NASA reveals ‘remarkably similar’ planetary system just 10.5 light years away from Earth

NASA reveals ‘remarkably similar’ planetary system just 10.5 light years away from Earth

NASA reveals ‘remarkably similar’ planetary system just 10.5 light years away from Earth

0 comments 📅07 May 2017, 23:29

NASA has discovered a nearby planetary system is says is ‘remarkably similiar’ to our own.

Located 10.5 light-years away in the southern hemisphere of the constellation Eridanus, the star Epsilon Eridani, eps Eri for short, is the closest planetary system around a star similar to the early sun.

It is a prime location to research how planets form around stars like our sun, and is also the storied location of the Babylon 5 space station in the science fictional television series of the same name.

NASA’s flying observatory, the Stratospheric Observatory for Infrared Astronomy, SOFIA, made the discovery.

Previous studies indicate that eps Eri has a debris disk, which is the name astronomers give to leftover material still orbiting a star after planetary construction has completed.

The debris can take the form of gas and dust, as well as small rocky and icy bodies.

Debris disks can be broad, continuous disks or concentrated into belts of debris, similar to our solar system’s asteroid belt and the Kuiper Belt – the region beyond Neptune where hundreds of thousands of icy-rocky objects reside.

Furthermore, careful measurements of the motion of eps Eri indicates that a planet with nearly the same mass as Jupiter circles the star at a distance comparable to Jupiter’s distance from the Sun.

Iowa State University’s Massimo Marengo said the findings are important because they confirm epsilon Eridani is a good model of the early days of our solar system and can provide hints at how our solar system evolved.

‘This star hosts a planetary system currently undergoing the same cataclysmic processes that happened to the solar system in its youth, at the time in which the moon gained most of its craters, Earth acquired the water in its oceans, and the conditions favorable for life on our planet were set,’ Marengo wrote in a summary of the project.

Determining the structure of the disk was a complex effort that took several years and detailed computer modeling.

The astronomers had to separate the faint emission of the disk from the much brighter light coming from the star.

‘But we can now say with great confidence that there is a separation between the star’s inner and outer belts,’ Marengo said.

‘We haven’t detected them yet, but I would be surprised if they are not there. Seeing them will require using the next-generation instrumentation, perhaps NASA’s 6.5-meter James Webb Space Telescope scheduled for launch in October 2018.’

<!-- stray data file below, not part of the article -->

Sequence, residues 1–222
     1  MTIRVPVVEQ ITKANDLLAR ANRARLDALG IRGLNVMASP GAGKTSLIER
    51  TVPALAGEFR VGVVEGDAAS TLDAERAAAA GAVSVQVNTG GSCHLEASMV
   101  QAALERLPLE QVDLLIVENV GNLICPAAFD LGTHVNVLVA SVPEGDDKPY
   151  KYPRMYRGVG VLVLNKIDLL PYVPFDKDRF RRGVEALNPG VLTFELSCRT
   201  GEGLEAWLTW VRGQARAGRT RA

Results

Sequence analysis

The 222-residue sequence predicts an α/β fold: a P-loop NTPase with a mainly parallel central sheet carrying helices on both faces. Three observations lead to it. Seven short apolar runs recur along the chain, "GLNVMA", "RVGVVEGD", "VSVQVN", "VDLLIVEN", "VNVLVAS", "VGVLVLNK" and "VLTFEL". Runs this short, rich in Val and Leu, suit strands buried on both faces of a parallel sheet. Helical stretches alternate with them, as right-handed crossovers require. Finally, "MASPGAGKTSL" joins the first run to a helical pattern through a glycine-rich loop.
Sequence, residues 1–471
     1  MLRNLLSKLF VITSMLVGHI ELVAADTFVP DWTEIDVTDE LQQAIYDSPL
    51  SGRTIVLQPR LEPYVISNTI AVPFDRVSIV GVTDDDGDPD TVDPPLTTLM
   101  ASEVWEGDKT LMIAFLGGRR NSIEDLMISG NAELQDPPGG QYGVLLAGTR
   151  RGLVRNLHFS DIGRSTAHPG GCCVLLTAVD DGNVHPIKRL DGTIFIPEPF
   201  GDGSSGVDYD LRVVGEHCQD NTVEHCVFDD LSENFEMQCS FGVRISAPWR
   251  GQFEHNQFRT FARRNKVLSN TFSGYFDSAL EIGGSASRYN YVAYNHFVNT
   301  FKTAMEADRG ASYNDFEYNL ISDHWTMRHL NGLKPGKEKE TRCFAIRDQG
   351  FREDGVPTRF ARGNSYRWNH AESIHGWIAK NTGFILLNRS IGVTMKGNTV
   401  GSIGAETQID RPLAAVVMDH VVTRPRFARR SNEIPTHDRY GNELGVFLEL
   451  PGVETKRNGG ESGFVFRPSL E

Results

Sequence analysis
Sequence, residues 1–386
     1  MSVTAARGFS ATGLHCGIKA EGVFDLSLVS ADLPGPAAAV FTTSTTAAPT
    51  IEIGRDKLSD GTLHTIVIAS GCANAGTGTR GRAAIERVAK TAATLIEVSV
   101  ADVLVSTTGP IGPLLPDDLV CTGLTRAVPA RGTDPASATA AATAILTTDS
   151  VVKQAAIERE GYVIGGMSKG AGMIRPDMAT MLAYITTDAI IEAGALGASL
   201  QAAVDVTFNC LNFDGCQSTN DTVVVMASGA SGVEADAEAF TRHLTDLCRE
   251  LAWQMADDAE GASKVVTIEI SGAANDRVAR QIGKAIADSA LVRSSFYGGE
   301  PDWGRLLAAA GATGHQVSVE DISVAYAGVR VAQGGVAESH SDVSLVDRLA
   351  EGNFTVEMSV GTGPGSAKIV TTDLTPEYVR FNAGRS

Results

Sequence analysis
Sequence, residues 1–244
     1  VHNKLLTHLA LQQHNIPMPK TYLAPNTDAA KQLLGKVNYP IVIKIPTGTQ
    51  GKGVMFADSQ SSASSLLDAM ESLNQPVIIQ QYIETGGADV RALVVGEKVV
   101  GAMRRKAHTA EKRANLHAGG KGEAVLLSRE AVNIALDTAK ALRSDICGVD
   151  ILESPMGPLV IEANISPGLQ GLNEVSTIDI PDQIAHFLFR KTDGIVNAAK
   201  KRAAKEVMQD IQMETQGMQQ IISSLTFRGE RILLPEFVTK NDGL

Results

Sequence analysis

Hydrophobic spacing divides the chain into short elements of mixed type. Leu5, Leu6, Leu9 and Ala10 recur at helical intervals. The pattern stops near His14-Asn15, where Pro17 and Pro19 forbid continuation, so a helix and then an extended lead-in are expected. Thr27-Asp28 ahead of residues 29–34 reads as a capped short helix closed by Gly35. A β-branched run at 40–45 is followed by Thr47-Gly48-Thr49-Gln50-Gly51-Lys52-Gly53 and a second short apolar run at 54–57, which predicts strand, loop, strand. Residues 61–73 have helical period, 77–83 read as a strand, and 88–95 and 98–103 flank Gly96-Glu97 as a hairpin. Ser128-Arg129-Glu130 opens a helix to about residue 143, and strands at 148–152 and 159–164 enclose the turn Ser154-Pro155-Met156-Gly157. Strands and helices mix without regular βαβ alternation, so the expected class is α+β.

‘The prize at the end of this road is to understand the true structure of epsilon Eridani’s out-of-this-world disk, and its interactions with the cohort of planets likely inhabiting its system,’ Marengo wrote in a newsletter story about the project.

‘SOFIA, by its unique ability of capturing infrared light in the dry stratospheric sky, is the closest we have to a time machine, revealing a glimpse of Earth’s ancient past by observing the present of a nearby young sun.’

With the new SOFIA images, Kate Su of the University of Arizona and her research team were also able to distinguish between two theoretical models of the location of warm debris, such as dust and gas, in the eps Eri system.

These models were based on prior data obtained with NASA’s Spitzer space telescope.

One model indicates that warm material is in two narrow rings of debris, which would correspond respectively to the positions of the asteroid belt and the orbit of Uranus in our solar system.

Using this model, theorists indicate that the largest planet in a planetary system might normally be associated with an adjacent debris belt.

The other model attributes the warm material to dust originating in the outer Kuiper-Belt-like zone and filling in a disk of debris toward the central star.

In this model, the warm material is in a broad disk, and is not concentrated into asteroid belt-like rings nor is it associated with any planets in the inner region.

Using SOFIA, Su and her team ascertained that the warm material around eps Eri is in fact arranged like the first model suggests; it is in at least one narrow belt rather than in a broad continuous disk.


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